IN QUEST OF CONSCIENCE
by Gitta Sereny adapted by Robert David MacDonald.
Finborough Theatre above The Finborough Wine Café 118 Finborough Road SW10 9ED To 27 June 2011.
Runs 1hr 55min One interval.
TICKETS: 0844 847 1652 (24hr no booking fee).
Review: Timothy Ramsden 11 June.
A powerful play diminished by this production’s approach.
Both Robert David MacDonald’s title and that of Gitta Sereny’s book from which his 1994 play was drawn, Into That Darkness, point to the moral search in this chamber piece with vast implications.
Though the Finborough’s a small-space, it’s ample compared with the tiny Stalls Studio carved out of Glasgow Citizens’ Theatre where theatrical polymath MacDonald was a director – and actor, appearing in his own premiere of this play.
That production’s intensity came from the very ordinariness – almost the calm – of MacDonald’s performance as Franz Stangl (Sereny’s fellow Austrian, but no way her moral compatriot), a policeman pushed – as he puts it – into becoming commandant of Sobibor and Treblinka extermination camps. His memories are supplemented by more neutral information from two chorus-like figures.
The question of how moral good and Nazi membership meet has been explored in C P Taylor’s Good and by a joke in Martin Sherman’s Bent, while the focus of Sereny and MacDonald on moral blindness has been piercingly paralleled on a smaller, but no less intense, case in Bryony Lavery’s searing Frozen.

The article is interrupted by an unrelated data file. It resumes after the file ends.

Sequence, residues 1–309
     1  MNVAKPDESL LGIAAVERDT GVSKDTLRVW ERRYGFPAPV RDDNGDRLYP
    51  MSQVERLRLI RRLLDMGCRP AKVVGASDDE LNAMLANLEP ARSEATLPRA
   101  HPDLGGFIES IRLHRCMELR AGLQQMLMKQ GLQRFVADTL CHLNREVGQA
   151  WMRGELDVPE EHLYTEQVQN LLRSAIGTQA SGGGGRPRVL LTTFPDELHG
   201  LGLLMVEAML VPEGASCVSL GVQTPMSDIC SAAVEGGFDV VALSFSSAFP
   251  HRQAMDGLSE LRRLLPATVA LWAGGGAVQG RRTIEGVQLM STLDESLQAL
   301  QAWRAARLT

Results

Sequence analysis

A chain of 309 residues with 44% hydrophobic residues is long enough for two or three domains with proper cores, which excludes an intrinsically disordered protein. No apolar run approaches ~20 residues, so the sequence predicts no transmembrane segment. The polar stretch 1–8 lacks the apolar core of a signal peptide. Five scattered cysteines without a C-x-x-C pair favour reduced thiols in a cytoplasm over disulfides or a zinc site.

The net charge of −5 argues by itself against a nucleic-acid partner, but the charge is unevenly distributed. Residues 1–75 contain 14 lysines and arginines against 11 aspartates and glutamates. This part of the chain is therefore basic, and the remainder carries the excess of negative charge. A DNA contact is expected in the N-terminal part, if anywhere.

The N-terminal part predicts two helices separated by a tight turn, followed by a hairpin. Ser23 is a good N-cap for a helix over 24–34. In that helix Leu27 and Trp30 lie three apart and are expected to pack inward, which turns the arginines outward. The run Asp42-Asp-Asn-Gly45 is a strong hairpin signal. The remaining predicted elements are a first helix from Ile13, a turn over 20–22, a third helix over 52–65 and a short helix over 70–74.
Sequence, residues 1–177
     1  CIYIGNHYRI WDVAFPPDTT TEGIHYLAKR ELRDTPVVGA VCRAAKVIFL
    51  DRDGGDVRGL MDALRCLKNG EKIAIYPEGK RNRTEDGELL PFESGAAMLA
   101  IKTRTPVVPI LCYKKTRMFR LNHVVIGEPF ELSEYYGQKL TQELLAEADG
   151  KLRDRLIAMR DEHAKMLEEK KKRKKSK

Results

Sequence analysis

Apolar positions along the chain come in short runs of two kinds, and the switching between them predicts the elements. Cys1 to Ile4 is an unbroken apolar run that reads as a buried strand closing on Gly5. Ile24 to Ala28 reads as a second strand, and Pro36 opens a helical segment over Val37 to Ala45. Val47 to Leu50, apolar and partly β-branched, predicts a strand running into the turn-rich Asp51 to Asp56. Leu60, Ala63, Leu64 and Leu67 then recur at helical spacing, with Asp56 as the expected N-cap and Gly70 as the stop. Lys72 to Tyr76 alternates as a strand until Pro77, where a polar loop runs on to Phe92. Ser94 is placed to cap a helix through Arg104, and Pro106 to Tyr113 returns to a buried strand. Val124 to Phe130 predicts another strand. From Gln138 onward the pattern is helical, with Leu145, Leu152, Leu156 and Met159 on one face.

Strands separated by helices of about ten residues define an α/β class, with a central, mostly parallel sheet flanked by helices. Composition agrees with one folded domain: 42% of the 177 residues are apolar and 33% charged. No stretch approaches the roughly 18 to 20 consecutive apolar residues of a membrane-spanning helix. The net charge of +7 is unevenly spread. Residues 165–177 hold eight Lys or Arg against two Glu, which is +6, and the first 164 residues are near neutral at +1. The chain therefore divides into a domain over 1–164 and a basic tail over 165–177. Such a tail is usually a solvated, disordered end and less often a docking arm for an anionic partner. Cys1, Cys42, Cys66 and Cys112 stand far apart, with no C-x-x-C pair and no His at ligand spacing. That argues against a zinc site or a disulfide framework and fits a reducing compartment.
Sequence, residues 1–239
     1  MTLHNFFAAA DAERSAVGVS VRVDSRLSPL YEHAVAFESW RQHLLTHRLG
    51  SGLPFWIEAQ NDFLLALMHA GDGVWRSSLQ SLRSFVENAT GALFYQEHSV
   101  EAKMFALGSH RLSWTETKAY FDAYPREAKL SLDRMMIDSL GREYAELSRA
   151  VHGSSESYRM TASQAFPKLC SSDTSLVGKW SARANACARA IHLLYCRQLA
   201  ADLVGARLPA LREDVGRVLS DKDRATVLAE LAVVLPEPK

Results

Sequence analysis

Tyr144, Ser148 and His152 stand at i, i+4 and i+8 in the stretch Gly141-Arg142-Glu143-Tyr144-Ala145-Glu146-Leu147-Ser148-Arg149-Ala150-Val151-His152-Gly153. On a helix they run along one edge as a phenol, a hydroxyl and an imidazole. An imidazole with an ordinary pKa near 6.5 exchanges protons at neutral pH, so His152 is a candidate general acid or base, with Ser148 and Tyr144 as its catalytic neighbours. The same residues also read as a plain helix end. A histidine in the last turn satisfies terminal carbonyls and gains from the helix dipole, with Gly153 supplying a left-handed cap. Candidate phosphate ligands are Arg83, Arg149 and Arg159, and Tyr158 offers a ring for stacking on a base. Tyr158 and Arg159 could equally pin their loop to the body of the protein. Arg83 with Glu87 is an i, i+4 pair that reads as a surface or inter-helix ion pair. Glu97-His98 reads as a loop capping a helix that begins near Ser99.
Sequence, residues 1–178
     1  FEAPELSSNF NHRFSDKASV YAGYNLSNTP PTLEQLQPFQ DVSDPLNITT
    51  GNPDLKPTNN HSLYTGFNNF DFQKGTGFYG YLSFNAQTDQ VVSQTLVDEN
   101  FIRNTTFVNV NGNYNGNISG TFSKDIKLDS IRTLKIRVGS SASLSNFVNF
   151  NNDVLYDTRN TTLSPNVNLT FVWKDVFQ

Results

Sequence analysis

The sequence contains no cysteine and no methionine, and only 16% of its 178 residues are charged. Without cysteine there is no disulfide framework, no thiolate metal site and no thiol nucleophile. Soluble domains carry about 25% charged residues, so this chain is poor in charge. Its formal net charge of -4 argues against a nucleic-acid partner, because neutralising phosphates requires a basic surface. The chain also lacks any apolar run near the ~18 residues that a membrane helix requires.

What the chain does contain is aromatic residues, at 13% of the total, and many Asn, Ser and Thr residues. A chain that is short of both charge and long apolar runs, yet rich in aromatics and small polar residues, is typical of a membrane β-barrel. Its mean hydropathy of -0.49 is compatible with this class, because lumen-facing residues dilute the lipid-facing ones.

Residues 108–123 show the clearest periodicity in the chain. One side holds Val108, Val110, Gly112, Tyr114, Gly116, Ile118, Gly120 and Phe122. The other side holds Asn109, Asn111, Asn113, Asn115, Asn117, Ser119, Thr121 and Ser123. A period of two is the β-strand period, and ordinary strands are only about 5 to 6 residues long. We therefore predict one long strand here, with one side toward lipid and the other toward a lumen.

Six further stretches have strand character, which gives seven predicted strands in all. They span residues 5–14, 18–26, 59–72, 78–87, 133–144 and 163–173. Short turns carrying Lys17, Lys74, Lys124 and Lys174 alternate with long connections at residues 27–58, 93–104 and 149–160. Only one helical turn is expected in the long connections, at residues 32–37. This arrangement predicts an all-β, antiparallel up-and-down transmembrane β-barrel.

Stangl’s excuses and personal anxieties as he calmly expounds thousands of actual, and even more intended, deaths – at one point self-satisfyingly recounting a prisoner’s gratitude, at others dismissing the fate of people he mentions with Coriolanus-like arrogant disregard – create a moral murk from which the interviewer escapes for one telling moment when a telephone call reconnects her with the world of sanity.
At the preview there were hesitant moments, probably smoothed-out by now. Less certain to improve is the approach this production takes. At the Glasgow premiere, MacDonald sat comfortably in his cardigan, showing no moral quaver or moment’s uncertainty. At the Finborough Martin Buchan’s similarly-costumed but leaner figure can seem effortfully self-justifying. Buchan has some good moments, glowing in his own self-esteem at certain remembered actions, but remains on edge.
So the production misses the complacency and assurance that conviction and imprisonment have never shaken, while formal moments, such as swapping table ends between the characters seem unnecessary frills. There’s competent playing generally but this quietly forceful piece deserves a more considered revival.
Franz Stangl: Martin Buchan.
Female Chorus: Siubhan Harrison.
Male Chorus: Patrick Knowles.
Gitta Sereny: Phillipa Peak.
Director: Rachel Heyburn.
Designer: Florence McHugh.
Lighting: Dan Cloake.
Sound: Chris Barlow.
Dialect coach: Christopher Gutmann.